(2)
Report
My mom just got POA for my dad, with the help of a lawyer. She'd told the lawyer he seemed unwilling to talk about it, not to mention sign it. The lawyer suggested that she have one done for herself, with me as her POA, and present it to my dad like that... like everybody is protecting themselves, protecting each other, and protecting the future. That might be something you could try, telling him that you and your husband are getting your durable POAs in order too.

The lawyer also talked to my dad about all this, including having him sign both a health care advanced directive (which includes DNR wishes so no one has to decide for him, he already said) and a financial POA.

Since you mentioned your biological sister-in-law living seven hours away, I'll add that the lawyer my mom hired said it's always best to put whoever is closest as POA first, because sometimes decisions need to be made quickly. My sister lives two and a half hours away, so when my dad signed the POA, my mom is first, I'm her backup, and my sister is my backup, should it come to that.

I don't know if any of that helps, but that's my very recent experience.
Helpful Answer (4)
Reply to feelinglost8
Report

Maybe watch one of those shows where everybody is fighting over taking care of mom/dad. Then tell your SF, "We would really hate for that to happen in our family. Can we please make appointments with a lawyer to get POAs for medical and financial and a DNR... (I would add living will too)." Then, get it done.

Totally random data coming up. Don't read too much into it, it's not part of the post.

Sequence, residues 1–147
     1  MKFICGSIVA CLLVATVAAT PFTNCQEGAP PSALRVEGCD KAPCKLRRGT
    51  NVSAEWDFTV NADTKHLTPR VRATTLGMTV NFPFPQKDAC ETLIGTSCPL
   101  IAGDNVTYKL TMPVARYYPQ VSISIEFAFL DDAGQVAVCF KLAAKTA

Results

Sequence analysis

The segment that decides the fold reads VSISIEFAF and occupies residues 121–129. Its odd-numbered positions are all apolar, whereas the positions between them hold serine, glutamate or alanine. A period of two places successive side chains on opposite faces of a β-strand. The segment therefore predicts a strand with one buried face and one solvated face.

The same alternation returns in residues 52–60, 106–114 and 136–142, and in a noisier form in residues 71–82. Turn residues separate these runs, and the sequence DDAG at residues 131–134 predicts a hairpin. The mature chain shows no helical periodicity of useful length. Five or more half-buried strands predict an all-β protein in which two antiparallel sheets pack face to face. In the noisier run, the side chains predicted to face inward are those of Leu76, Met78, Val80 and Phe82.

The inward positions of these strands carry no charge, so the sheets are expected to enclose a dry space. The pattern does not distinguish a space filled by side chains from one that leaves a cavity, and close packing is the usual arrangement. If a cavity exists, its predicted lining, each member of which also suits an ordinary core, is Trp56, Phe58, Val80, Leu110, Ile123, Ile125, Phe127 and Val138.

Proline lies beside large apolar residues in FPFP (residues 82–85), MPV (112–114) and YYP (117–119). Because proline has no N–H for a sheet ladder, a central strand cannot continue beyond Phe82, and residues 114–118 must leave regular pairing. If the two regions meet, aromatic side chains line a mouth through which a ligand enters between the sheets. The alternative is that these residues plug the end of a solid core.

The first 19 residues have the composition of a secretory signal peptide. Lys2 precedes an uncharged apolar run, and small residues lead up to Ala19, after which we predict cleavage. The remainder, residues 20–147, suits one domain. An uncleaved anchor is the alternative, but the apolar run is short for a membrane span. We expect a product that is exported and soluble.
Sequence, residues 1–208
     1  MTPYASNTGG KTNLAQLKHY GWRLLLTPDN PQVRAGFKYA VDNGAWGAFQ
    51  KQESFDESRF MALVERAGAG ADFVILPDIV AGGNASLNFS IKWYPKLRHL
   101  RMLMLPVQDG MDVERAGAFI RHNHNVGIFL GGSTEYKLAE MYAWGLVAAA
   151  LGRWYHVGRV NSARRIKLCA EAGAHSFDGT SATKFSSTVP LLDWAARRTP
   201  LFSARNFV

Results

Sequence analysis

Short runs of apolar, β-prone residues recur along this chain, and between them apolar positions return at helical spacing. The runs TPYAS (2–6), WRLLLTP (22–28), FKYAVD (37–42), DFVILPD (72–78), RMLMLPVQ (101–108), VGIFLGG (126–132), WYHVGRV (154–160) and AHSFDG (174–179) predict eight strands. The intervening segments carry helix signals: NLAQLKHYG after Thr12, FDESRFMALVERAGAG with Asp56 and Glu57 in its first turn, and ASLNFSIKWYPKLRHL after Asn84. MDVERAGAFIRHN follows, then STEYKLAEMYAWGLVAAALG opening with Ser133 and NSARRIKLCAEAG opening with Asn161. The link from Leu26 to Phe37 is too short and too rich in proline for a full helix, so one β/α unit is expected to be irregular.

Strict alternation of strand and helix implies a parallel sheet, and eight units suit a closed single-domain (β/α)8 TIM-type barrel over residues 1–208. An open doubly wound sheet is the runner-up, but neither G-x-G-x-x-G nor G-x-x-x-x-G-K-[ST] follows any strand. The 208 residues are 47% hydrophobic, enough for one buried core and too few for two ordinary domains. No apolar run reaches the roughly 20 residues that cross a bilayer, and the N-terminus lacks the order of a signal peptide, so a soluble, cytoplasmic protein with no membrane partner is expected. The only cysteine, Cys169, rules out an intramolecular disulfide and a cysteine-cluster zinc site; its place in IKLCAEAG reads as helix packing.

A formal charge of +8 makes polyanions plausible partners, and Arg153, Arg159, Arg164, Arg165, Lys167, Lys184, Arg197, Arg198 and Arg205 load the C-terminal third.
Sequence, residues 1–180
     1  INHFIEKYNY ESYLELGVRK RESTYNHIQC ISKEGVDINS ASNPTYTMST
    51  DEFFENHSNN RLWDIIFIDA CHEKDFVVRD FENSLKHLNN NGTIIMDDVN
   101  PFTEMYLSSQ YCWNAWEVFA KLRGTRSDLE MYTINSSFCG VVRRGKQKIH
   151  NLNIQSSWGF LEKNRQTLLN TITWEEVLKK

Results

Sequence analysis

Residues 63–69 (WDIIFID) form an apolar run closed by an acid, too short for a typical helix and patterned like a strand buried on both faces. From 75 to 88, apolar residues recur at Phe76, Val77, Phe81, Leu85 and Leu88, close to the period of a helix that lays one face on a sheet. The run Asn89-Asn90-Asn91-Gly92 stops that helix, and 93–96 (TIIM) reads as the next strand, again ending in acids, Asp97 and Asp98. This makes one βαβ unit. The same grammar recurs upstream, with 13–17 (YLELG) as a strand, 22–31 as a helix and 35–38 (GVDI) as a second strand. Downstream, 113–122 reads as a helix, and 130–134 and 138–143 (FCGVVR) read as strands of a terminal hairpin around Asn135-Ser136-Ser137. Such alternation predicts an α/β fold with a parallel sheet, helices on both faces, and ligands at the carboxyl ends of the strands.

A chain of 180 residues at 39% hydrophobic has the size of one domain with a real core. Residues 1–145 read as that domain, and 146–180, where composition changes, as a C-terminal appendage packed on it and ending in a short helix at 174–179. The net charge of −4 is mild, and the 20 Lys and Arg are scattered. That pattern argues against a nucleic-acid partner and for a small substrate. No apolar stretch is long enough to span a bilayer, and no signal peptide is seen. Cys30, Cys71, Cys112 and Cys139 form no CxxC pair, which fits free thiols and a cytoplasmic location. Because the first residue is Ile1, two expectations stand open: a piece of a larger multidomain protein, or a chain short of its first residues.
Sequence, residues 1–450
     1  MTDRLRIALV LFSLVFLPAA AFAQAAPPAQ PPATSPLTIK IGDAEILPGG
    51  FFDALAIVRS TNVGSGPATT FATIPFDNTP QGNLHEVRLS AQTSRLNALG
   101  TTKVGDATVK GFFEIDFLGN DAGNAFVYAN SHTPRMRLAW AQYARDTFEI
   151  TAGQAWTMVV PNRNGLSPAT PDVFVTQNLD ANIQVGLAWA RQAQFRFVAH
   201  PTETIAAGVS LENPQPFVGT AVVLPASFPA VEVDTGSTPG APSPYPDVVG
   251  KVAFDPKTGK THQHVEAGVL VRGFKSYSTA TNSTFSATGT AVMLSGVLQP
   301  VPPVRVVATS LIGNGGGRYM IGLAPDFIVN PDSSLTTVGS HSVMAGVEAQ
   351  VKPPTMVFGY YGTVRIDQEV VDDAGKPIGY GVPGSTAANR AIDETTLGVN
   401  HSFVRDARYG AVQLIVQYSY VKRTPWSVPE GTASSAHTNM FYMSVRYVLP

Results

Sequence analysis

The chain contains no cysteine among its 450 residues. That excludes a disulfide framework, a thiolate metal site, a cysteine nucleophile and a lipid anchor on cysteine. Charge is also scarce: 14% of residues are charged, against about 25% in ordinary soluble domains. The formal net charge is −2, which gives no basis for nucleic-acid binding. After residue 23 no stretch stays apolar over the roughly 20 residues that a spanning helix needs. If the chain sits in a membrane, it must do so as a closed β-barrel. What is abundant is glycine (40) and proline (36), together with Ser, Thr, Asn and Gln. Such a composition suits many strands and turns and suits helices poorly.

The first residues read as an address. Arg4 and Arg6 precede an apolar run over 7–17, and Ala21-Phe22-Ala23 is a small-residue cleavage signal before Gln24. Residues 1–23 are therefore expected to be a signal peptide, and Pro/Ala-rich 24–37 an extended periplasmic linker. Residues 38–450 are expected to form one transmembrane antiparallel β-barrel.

Helpful Answer (2)
Reply to Taarna
Report

Janus12,
I agree; "unexpected" is a much better word choice than "worst."
Helpful Answer (2)
Reply to bluefinspirit
Report

Begin the conversation telling a story about a 'friend' whose parent became to ill to talk with doctors/family and there was no paperwork set up for your friend to make decisions, keep paying the bills, and handle personal affairs. Let him know that this scenario frightens you and then take the conversation further about going to an attorney to get things done right.

Maybe this approach talking about someone else will make it easier to have the discussion. There are plenty of people on this site telling about the disasters that happened when documentation was not in place. Let these caretaker 'friends' provide you with sources for your story.

In advance, talk w/his daughter to share your concerns so she won't say later on that you were trying to exclude her. It is possible for both of you to be listed as sharing the responsibility to make it easier for her to help you work this out
Helpful Answer (2)
Reply to my2cents
Report

See All Answers

Ask a Question

Subscribe to
Our Newsletter